How Do You Deal With the Question of ROI on Research?

I saw a great quote on Twitter last week. I’m paraphrasing here, but it went something like, “Why do corporations question the ROI of social media…shouldn’t they be worried about the ROI on endless meetings?” Anyone who has sat through endless meetings can appreciate the humor in that. But the quote also reminded me that ROI is a challenge for this industry, as well. It’s a question most clients want answered — especially those who have little or no experience with research. But as most researchers know, that’s easier said than done.

Bob Lederer, who led last month’s ROI on MR conference in Chicago, says ROI is seen as dubious by many, and it’s not something researchers often are prepared for. The danger, though, is that clients who want an answer about ROI and don’t get it could take that as a sign that they should slash their research budgets.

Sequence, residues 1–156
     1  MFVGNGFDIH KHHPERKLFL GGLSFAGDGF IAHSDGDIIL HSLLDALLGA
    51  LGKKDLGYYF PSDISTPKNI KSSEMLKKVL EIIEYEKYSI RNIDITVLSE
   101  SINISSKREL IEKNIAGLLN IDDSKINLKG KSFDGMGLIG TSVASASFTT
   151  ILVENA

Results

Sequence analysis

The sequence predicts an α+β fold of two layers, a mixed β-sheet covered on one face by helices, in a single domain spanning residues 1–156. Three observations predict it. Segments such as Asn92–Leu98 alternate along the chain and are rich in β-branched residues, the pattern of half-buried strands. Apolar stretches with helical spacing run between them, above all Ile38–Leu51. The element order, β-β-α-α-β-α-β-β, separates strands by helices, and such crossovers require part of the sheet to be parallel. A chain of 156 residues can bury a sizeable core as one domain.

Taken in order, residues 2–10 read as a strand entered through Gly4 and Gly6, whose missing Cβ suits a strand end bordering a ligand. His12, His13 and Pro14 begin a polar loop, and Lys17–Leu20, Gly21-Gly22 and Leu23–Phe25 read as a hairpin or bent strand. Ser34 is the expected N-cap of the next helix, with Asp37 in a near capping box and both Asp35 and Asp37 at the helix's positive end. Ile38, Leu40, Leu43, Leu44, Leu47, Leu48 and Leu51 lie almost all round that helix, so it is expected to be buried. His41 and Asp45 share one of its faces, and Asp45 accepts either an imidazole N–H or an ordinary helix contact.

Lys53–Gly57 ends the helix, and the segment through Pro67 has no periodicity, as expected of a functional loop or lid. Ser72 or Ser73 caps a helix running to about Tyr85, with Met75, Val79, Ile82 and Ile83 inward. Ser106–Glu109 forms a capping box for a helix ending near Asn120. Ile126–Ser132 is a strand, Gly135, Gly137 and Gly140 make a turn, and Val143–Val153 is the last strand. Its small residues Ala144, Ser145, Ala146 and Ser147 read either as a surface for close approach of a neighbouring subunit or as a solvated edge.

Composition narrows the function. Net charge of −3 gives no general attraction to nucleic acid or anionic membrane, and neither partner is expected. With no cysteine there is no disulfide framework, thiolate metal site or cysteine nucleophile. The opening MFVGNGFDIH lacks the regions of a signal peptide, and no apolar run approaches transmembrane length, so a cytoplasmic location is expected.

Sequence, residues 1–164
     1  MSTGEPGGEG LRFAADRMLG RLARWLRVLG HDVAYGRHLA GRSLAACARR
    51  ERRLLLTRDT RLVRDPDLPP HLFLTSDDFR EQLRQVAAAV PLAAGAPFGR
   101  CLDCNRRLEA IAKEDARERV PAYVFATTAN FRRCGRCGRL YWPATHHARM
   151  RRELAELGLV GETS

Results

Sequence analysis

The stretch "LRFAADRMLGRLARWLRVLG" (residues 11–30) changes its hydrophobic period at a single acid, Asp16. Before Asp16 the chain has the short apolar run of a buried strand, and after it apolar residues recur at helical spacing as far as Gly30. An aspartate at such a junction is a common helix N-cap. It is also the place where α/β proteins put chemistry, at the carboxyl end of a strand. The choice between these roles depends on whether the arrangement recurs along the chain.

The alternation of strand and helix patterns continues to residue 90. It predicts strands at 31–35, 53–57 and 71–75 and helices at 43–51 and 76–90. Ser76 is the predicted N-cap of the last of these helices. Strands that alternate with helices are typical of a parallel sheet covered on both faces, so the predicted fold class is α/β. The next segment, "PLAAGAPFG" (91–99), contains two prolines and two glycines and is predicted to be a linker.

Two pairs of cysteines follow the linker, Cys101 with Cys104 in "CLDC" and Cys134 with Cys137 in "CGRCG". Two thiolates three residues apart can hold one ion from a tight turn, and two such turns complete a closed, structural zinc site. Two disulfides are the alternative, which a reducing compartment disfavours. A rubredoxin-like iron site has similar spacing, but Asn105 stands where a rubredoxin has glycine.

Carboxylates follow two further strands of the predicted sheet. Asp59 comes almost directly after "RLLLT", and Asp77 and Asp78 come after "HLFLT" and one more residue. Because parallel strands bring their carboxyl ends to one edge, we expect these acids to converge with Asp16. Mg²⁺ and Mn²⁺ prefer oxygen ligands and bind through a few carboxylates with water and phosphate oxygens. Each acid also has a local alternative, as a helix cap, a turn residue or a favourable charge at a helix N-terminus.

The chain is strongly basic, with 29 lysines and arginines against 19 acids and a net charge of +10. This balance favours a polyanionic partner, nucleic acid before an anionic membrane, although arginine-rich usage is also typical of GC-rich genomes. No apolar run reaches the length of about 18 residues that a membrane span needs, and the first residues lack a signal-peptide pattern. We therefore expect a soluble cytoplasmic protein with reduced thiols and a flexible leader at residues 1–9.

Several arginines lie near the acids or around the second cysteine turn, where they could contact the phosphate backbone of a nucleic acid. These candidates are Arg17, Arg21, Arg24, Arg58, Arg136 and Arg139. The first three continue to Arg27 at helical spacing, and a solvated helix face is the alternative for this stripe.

So how do you discuss ROI with clients without making them even more hesitant about the merits of research?

Cristin Malone of B2B International offers a few ideas in this blog post, but we’d also like to hear from our readers. How often does ROI come up? And when it does, how do you address it? Any tips to share with your fellow researchers?

Download Our New eBook on Mobile Qualitative Research

Looking for an easier, more insightful way to get real-time feedback while participants are experiencing a brand? The answer is in your pocket. No, not your keys…your mobile phone. That’s right, your mobile phone is one of the best ways to gather authentic, “in the moment” feedback.

While mobile surveys have been around for close to a decade, mobile qualitative research has only recently become a viable research tool—and it continues to grow in popularity.

Whether you’re considering your first mobile qualitative research project or consider yourself a pro, you’ll want to download the newest eBook from 20|20 Technology — The Essential Guide to Mobile Qualitative Research. The tips and tricks in this eBook were developed for research agencies, independent moderators, as well as client-side researchers.